Food Processing, Eating-Out and related Health Issues

food-prices_fig03Fig. 1

According to the United States Department of Agriculture (USDA) only 10.4 cents of an average dollar spent on food within the US is spent on the actual production of the food. The other 89.6 cents are spent on processing, packaging, transportation and trade, food services and others. This numbers indicate that most of the food consumed within the US is already processed when the consumer buys it, often times it is a finished meal consumed at a fast food joint or in a restaurant. Therefore, the reverse argument is that only few people in the US buy raw products and cook at home. Evidence is provided by the USDA.

food-prices_fig09Fig. 2

According to Carlos A. Monteiro (2009), meals prepared at home out of whole foods and minimally processed products have adequate nutrient and energy density when they contain a varied combination of plant foods (grains, vegetables, pulses, fruits, nuts), only moderate quantities of animal foods, and little salt (see Monteiro, 2009). Ultra-processed food, such as Subway-Sandwiches, Dominos-Pizza and products in the freezer-section at the supermarket have a low nutrient and energy density while containing a lot of sugar and fat. Ultra-processed foods are often consumed in the US, as the above data shows. This leads to one of the highest per capita consumption of daily calories in the world. The health issues are evident: obesity and overweight are branded as diseases.

food-prices_fig11Fig. 3

Education is a key factor in changing this trends. People need to know how to cook and prepare meals at home, using whole foods and minimally processed products. Yet, education is not the only factor. People in the US hold the world record for spending the fewest time on eating.


Fig. 4: Graphic by the Atlantic (undated).

The US society needs to rethink the value of food and eating and change its way of life when it comes to food consumption. The government needs to take the right steps toward promoting healthy food by increasing access to whole food products, educate people about how to prepare whole foods and the importance of taking time to prepare food and eat.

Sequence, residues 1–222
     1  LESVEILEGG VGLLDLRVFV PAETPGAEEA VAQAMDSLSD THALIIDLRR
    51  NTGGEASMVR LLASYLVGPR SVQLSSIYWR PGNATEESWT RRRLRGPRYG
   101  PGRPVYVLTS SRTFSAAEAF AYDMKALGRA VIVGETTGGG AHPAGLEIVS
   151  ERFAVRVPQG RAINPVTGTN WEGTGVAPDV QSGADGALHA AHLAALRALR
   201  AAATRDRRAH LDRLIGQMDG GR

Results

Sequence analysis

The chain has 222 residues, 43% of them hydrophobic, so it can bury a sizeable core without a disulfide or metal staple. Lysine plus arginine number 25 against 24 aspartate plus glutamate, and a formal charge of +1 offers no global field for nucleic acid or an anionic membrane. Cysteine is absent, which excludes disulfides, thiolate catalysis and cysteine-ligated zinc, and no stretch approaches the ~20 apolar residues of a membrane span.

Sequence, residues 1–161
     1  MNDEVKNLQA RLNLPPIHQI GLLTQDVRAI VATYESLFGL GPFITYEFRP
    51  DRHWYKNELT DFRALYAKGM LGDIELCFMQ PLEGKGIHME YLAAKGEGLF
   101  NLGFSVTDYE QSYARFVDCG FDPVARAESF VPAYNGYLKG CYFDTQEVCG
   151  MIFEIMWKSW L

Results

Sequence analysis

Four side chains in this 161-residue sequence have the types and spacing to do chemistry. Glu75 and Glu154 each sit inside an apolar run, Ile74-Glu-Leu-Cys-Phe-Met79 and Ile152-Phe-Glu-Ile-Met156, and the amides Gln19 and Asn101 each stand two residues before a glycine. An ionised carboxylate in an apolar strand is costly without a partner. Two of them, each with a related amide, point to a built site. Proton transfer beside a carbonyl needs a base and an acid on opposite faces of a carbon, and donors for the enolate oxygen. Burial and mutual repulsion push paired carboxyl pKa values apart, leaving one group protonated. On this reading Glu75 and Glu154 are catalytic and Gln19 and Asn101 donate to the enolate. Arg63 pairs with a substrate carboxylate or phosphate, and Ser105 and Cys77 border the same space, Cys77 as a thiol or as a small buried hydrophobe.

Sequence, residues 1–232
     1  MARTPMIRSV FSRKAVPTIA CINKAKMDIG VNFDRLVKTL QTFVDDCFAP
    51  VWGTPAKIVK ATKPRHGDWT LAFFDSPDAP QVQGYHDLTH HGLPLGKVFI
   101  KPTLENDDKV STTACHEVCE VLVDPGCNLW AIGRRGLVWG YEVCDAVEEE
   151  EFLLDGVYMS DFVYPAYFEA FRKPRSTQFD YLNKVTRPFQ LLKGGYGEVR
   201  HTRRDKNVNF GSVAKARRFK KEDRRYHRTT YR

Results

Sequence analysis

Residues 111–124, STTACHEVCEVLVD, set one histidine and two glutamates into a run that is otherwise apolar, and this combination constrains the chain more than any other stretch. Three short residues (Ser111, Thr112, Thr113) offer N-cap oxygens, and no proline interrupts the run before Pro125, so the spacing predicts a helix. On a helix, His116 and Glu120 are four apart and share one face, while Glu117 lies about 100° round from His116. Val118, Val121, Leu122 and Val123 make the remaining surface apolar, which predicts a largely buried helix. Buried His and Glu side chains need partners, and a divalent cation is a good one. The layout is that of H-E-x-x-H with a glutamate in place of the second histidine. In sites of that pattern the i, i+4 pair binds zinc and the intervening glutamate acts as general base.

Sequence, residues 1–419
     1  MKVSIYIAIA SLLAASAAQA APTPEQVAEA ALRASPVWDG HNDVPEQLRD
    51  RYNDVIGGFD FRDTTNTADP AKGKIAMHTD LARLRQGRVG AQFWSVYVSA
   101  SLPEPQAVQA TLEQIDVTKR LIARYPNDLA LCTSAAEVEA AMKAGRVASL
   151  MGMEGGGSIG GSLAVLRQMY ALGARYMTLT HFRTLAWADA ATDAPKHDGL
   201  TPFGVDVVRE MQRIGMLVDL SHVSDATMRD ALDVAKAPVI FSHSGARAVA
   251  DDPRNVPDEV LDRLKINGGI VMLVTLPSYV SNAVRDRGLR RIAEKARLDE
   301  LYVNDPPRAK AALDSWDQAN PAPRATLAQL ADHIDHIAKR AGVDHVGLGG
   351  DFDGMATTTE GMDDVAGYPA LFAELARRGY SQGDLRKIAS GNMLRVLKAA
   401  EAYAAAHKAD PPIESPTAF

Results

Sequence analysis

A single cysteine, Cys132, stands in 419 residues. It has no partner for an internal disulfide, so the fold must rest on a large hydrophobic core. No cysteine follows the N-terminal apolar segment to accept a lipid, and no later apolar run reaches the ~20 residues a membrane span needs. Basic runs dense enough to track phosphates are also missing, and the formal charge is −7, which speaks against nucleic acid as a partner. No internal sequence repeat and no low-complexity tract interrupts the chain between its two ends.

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Monteiro, Carlos A. (2009). Nutrition and health. The issue is not food, nor nutrients, so much as processing. Public Health Nutrition, 12 (5), 729 – 731


2 thoughts on “Food Processing, Eating-Out and related Health Issues

  1. This is a wonderfully balanced post on the food habits of America. Not only did you touch on the fact that education is a key issue when it comes to the choices we make as consumers, but you stated the important lifestyle factors. I have been a cook for the past couple of years of my life, and I have always noticed how convenience is the major motivating factor in peoples’ choices. I know that when I actually get a night off, the last thing I want to do is to spend an hour at home cooking. I want the quickest option available to me, and I have the knowledge to make good healthy wholesome food for myself. This country as a whole definitely needs a lifestyle change regarding food. We often see food as what brings us together, but it has become limited to special occasions and holidays. We need to take more time out of our DAILY life to make healthy food choices. I know this won’t happen over night, but if the points made in this post were common knowledge, we’d be well on our way.


  2. I totally agree with the fact that education is a key part in solving this issue, but an obstacle that many face is that the price of healthy food compared to fast food is higher. It has been shown in many studies that unhealthy food is about $1.50 cheaper per day then healthy food. This can add up to be about $550 a year. Families with a lower income might not be able to afford this. Education will inform people of how easy and important it is to cook at home and buy less processed food, but there are other obstacles that prevent people from actually being able to afford healthier food.


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